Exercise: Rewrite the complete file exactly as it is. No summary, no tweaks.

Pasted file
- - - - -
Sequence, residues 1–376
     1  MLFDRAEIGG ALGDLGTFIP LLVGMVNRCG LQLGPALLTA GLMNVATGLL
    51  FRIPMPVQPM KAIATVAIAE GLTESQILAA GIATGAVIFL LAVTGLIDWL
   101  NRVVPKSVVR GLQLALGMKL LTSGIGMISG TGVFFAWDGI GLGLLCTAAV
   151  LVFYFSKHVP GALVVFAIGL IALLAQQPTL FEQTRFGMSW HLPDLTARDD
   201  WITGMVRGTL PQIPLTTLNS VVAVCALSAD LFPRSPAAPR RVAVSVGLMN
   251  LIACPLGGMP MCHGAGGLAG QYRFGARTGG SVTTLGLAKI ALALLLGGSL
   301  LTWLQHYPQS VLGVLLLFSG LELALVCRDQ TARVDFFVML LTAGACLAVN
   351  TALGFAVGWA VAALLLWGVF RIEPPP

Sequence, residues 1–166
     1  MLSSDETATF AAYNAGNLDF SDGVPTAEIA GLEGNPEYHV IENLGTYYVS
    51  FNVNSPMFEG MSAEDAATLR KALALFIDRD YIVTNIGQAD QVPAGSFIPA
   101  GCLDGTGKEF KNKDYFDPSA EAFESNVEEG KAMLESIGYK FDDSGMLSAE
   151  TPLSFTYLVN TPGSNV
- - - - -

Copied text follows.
Sequence, residues 1–376
     1  MLFDRAEIGG ALGDLGTFIP LLVGMVNRCG LQLGPALLTA GLMNVATGLL
    51  FRIPMPVQPM KAIATVAIAE GLTESQILAA GIATGAVIFL LAVTGLIDWL
   101  NRVVPKSVVR GLQLALGMKL LTSGIGMISG TGVFFAWDGI GLGLLCTAAV
   151  LVFYFSKHVP GALVVFAIGL IALLAQQPTL FEQTRFGMSW HLPDLTARDD
   201  WITGMVRGTL PQIPLTTLNS VVAVCALSAD LFPRSPAAPR RVAVSVGLMN
   251  LIACPLGGMP MCHGAGGLAG QYRFGARTGG SVTTLGLAKI ALALLLGGSL
   301  LTWLQHYPQS VLGVLLLFSG LELALVCRDQ TARVDFFVML LTAGACLAVN
   351  TALGFAVGWA VAALLLWGVF RIEPPP

Sequence, residues 1–166
     1  MLSSDETATF AAYNAGNLDF SDGVPTAEIA GLEGNPEYHV IENLGTYYVS
    51  FNVNSPMFEG MSAEDAATLR KALALFIDRD YIVTNIGQAD QVPAGSFIPA
   101  GCLDGTGKEF KNKDYFDPSA EAFESNVEEG KAMLESIGYK FDDSGMLSAE
   151  TPLSFTYLVN TPGSNV